Memos from the Middle

Smack-Dab in the Middle of Living


I’m not exactly sure what his motivation was, but when I was in college, my husband, then boyfriend, decided to buy me my first pair of Jordans. The price tag alone kept me, the perpetually frugal, from purchasing them myself, and to be honest, my Walmart sweatsuits did not warrant a small fortune on my feet. But he was very excited, nonetheless, to give me my first taste of gym shoe prestige.

Expectancy laced every breath he took as I removed each shoe from the box, extracted the paper from inside, and slipped my feet in. I don’t know what either of us expected, but I had not considered the possibility that the shoe would be tight. I mean, these were Jordans, so surely those extra dollars would make room for a wider foot, right? Plus, I was a good 70 pounds lighter back then and had not had the spread that pregnancies and age induce, so this was flat out a shoe that just wasn’t made for me.

I’d like to say that I was brave enough in the face of his delight to say, “Listen, thanks for this very kind gesture, but these shoes squeeze like the dickens!” But I wasn’t. I told him they were “a bit snug,” and thanked God we had nowhere to actually go to justify wearing them. I carefully placed them back in the box where they stayed for weeks.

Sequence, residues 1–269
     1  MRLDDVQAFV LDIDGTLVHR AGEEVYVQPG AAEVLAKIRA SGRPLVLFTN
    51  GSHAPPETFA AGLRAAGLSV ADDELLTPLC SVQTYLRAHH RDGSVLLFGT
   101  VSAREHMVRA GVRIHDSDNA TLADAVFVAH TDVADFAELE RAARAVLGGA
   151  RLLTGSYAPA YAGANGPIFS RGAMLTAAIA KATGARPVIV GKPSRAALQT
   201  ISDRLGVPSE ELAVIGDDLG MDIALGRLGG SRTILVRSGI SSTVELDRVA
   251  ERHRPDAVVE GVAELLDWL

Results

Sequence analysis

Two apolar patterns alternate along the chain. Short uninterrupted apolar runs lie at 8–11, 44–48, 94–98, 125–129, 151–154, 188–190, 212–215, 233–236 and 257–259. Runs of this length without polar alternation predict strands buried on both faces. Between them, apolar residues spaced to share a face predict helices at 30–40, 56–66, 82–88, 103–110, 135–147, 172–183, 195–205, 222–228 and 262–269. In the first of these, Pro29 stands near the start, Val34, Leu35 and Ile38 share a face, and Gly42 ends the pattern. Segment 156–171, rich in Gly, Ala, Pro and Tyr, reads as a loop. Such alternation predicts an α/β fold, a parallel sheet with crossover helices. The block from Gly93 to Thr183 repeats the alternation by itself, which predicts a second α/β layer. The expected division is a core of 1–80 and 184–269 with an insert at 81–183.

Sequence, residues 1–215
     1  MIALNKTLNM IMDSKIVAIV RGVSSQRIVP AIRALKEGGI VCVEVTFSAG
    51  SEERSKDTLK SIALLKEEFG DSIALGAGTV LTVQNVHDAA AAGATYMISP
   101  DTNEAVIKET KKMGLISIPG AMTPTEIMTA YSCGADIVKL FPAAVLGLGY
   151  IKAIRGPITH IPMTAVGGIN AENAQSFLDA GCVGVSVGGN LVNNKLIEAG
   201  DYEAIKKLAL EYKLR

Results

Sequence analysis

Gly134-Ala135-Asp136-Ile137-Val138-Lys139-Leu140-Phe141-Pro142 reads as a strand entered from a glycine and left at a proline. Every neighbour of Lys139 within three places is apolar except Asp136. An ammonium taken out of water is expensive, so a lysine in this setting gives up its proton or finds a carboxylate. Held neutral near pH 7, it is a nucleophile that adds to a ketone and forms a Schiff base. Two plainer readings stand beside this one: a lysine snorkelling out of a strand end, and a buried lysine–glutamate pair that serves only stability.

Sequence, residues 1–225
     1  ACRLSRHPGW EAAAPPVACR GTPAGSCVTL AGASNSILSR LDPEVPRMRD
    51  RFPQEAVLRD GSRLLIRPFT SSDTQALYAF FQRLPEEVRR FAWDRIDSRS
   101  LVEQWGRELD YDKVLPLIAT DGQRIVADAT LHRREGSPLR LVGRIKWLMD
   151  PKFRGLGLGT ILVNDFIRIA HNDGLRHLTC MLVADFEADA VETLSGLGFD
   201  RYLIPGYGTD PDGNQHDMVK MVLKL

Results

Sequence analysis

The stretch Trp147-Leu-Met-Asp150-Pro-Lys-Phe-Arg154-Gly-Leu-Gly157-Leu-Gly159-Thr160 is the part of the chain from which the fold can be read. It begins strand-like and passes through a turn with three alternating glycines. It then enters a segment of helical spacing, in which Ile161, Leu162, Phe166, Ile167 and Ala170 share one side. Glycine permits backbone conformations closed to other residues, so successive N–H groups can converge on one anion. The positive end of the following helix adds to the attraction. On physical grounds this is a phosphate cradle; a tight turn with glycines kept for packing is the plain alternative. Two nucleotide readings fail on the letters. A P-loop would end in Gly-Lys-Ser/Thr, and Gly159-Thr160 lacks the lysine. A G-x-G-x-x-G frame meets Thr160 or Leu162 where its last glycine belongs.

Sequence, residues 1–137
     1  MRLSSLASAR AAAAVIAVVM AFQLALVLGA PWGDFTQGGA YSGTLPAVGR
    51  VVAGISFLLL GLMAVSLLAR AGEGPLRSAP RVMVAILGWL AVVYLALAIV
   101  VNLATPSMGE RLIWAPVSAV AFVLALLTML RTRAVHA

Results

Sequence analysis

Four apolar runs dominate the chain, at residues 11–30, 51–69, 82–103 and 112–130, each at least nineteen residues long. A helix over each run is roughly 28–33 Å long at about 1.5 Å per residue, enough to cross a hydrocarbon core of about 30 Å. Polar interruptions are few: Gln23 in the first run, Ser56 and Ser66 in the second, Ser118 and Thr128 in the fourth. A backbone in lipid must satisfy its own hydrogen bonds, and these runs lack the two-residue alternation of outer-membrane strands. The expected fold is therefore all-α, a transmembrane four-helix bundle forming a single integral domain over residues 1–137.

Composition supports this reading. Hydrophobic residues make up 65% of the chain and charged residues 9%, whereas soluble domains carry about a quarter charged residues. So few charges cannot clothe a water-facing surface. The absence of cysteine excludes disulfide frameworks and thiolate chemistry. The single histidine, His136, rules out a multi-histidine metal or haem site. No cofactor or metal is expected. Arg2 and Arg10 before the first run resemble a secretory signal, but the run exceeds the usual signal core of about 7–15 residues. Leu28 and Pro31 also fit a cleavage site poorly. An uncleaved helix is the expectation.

There comes a time when every Christian has to decide whether she is for the prevailing or popular culture or for Christ, when one must determine whether political affiliation, racial or ethnic background, or group membership will matter more than the word of God. It is a choice each one of us has to make, but if we believe the God of the Bible, we know that He will not share His throne. Either we are for Him, or we are not.

In the face of so many distinctions and divisions in the world, it seems ludicrous to believe in the way, the truth, and the life, rather than ascribing to a myriad of ever-shifting possibilities. Finding one’s “fit” becomes an end of its own as one flits about life trying on this and that, hoping that his level of comfort is never truly upset by having to put a stake in the ground. But if we are truly followers of Christ, this world will never really fit. This is not our home.

“Why aren’t you wearing the shoes I got you?” he asked one day.

“They’re just too tight,” I responded, hoping not to hurt his feelings. “They are so narrow.”

“Yeah, Jordans do run on the skinny side.”

“Baby,” I laughed, “you’re not skinny! But I am, and they still don’t fit!”

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One thought on “Shoes

  1. Wonderful storytelling! The ending brought me a well needed laugh!

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